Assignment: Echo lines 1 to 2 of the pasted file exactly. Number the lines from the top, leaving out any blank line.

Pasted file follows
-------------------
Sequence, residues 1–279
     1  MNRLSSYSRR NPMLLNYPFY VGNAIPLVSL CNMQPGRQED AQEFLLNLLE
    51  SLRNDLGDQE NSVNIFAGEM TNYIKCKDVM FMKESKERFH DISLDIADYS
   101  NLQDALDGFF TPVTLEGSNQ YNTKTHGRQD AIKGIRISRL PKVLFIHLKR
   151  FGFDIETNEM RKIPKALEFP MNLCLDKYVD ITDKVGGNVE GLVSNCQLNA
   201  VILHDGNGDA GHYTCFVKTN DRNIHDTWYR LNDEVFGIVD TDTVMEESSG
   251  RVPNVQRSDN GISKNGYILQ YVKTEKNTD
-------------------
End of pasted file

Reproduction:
Sequence, residues 1–279
     1  MNRLSSYSRR NPMLLNYPFY VGNAIPLVSL CNMQPGRQED AQEFLLNLLE